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Q. ELIZABETH's VERSES, WHILE PRISONER
WRIT WITH CHARCOAL ON A SHUTTER,
are preserved by Hentzner, in that part of his Travels, which has lately been reprinted in so elegant a manner at STRAWBERRY-HILL. In Hentzer's book they were wretchedly corrupted, but are here given as emended by his ingerigys Editor. The old orthography, and one or two ancient readings of Hentzner's copy are here reflored.
H, Fortune ! how thy reftleffe wavering state
Hath fraught with cares my troubled witt! Witnes this present prisonn, whither fate
Could beare me, and the joys I quitt. Thou causedest the guiltie to be losed
$ From bandes, wherein are innocents inclosed :
Caufing the guiltles to be straite reserved,
And freeing those that death had well deserved.
• Ver. 4. Could beare, is an ancient idiom, equivalent to Did bear or Hath borne. See below the Beggar of Bedral Crew, Ver. 57. Could lay:
FÁIR ROSAM ON D. Most of the circumstances in this popular fory of king Henry II and the beautiful Rosamond have been taken for fact by our English Historians; who unable to account for the unnatural conduct of queen Eleanor in stimulating her sons to rebellion, have attributed it to jealousy, and supposed that Henry's amour with Refamond was the object of that pafon.
Our old English annalifts seem, most of them, to have followed Higden the monk of Chester, whose account with some enlargements is thus given by Stow. Rosamond the fayre
daughter of Walter, lord Clifford, concubine to Henry II.
(poisoned by queen Elianor, as some thought) dyed at “ Woodstocke [A. D. 1177.] where king Henry had made
for her a house of wonderfull working ; so that no man
or woman might come to her, but he that was instructed " by the king, or such as were right secret with him touch
ing the matter. This house after some was named Laby“ rinthus, or Dedalus worke, which was wrought like unto
a knot in a garden, called a Maze * ; but it was commonly said, that lastly the queene came to her by a clue of thridde,
or filke, and so dealt with her, that she lived not long af" ter : but when shee was dead se was buried at Godsłow in “ an house of nunnes, beside Oxford, with these verses upon s her tombe,
“ Hic jacet in tumba, Rofa mundi, non Rosa munda : « Non redolet, fed olet, quæ redolere folet.
Consisting of vaults under ground, arched and walled with brick and stone, according to Drayton. See note on his Epift. of Rofam. I 3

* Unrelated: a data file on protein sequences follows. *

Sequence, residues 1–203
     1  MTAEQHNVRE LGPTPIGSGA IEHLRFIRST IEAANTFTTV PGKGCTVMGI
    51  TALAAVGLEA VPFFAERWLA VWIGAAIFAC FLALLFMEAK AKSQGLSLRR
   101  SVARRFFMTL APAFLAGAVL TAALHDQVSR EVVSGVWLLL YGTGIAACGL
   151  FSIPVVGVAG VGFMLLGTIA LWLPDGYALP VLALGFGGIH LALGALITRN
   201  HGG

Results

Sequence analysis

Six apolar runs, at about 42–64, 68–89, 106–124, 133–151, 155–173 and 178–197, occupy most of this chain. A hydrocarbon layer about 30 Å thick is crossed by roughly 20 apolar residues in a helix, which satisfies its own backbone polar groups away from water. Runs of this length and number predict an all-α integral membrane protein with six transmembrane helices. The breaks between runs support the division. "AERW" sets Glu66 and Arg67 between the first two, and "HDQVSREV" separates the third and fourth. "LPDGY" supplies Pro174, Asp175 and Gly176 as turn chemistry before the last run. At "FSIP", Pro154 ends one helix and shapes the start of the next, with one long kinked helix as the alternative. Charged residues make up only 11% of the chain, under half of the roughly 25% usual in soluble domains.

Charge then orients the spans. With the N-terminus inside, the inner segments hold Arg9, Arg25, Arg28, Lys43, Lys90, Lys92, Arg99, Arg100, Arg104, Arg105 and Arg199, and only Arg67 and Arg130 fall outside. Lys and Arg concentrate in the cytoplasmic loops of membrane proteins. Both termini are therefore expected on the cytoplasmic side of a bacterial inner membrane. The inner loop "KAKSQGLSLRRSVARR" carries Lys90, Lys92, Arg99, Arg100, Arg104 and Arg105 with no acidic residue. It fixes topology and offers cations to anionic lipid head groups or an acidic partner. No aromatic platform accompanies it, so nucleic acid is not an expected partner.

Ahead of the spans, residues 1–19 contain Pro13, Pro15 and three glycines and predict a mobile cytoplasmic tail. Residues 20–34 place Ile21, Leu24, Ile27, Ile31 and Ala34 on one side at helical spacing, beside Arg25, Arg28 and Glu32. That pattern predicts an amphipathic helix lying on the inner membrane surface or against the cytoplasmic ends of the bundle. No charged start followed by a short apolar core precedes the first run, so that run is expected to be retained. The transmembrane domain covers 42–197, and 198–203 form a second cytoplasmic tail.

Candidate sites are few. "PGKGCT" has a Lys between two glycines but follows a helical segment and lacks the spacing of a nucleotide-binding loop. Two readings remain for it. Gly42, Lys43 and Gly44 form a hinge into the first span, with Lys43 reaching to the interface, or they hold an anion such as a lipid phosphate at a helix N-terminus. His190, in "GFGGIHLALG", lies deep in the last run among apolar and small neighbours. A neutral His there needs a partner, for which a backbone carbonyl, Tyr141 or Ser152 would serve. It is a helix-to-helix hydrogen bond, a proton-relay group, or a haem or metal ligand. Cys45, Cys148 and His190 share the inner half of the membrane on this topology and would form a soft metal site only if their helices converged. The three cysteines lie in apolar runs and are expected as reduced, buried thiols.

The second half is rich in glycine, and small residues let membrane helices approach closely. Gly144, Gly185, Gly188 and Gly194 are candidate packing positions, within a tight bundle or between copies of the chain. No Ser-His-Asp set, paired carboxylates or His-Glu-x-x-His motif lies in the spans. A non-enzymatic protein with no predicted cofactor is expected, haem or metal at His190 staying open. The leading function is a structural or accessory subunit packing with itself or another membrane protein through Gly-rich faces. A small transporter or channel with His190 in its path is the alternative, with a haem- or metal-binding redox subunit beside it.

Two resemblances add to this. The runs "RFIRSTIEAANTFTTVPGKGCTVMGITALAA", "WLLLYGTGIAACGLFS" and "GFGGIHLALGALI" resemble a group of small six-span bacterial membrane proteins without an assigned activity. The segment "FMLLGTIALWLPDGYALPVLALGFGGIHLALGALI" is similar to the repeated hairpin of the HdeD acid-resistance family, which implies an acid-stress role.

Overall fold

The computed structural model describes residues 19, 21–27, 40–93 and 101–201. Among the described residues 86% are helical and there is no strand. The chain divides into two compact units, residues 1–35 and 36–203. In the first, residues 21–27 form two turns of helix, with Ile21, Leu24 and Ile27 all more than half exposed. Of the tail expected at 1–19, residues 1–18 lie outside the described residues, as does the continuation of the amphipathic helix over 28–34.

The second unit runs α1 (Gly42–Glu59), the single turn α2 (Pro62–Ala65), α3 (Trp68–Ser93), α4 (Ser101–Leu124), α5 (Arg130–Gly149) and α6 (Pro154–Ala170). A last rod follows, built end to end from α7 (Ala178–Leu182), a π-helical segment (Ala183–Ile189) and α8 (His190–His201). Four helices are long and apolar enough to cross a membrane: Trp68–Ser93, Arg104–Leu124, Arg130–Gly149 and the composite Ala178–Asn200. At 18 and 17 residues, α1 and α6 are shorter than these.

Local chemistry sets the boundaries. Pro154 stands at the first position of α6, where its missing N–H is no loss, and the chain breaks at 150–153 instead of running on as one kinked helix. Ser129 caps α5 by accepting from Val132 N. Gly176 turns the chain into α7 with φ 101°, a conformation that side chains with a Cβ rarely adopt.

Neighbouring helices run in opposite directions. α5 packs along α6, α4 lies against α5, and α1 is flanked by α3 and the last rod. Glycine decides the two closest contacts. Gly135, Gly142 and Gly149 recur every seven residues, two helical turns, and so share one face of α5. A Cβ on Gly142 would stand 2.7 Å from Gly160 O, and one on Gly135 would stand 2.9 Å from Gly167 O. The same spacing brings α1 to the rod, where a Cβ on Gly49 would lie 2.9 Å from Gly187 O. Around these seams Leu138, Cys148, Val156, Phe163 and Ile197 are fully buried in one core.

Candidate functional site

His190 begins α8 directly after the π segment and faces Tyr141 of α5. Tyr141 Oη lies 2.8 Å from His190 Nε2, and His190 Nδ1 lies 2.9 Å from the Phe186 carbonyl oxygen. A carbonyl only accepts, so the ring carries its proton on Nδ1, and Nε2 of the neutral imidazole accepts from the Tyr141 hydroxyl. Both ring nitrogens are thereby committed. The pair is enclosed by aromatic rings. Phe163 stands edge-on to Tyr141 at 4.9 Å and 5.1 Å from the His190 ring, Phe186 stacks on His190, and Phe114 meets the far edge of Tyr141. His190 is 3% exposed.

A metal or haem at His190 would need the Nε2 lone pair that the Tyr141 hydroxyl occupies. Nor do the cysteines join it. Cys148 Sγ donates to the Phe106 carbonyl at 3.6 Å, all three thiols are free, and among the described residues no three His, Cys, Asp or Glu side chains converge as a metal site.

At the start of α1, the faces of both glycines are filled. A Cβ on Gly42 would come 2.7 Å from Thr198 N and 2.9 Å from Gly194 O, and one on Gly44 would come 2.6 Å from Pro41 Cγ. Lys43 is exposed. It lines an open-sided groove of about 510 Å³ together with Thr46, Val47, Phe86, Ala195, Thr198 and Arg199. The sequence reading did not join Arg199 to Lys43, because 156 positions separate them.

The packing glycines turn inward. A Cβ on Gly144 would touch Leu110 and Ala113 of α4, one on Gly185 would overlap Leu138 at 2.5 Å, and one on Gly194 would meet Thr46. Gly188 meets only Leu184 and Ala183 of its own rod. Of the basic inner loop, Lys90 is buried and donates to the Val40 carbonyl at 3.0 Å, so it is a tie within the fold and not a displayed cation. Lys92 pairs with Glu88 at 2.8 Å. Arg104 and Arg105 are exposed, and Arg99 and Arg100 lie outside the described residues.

“ In English thus :
“ The role of the world, but not the cleane flowre,
“ Is now here graven; to whom beauty was lent :
“ That by her life was fweete and redolent :
Though she were feweete, now foully doth bee stinke. “ A mirrour good for all men, that on her thinke."
Stowe's Awals, Ed. 1631. p. 154
How the queen gained admittance into Rofamond's bower is differently related. Hollingsmed speaks of it, as “ the « common report of the people, that the queene . . . . founde “ bir out by a filken thread, which the king bad drav “ after him out of hir chamber with his foot, and deak “ with hir in such sparpe and cruell wilė, that she lived “ not long after.” Yol. III. p. 115. On the other hand, in Speede's hift. we are told that the jealous queen found her out
by a clew of silke, fallen from Rosamunds bappe, as shee “ sate to take ayre, and suddenly fieeing from the light of the
searcker, the end of her silke fastened to her foot, and tše «« clew ftillunwinding, remained behinde : which the queene followed, till fivee had found what shee fought, and upon Rosamund so vented her spleene, as the lady lived not long after.” 3d Edit. P: 509.
Our ballad-maker with more ingenuity, and probably, as much truth, tells us the clue was gained, by surprise, from the knight, who was beft to guard' her bower.
It is observable that none of the old writers attribute Rofamond's death to poifón, Stow, above, mentions it meerly as a slight conjecture); they only give us to unders; and, that the queen treated her harshly; with furious menaces, we may suppose, and Marp expoftulations, which had
such effea on her spirits, that we did not long furvive it. Iridced on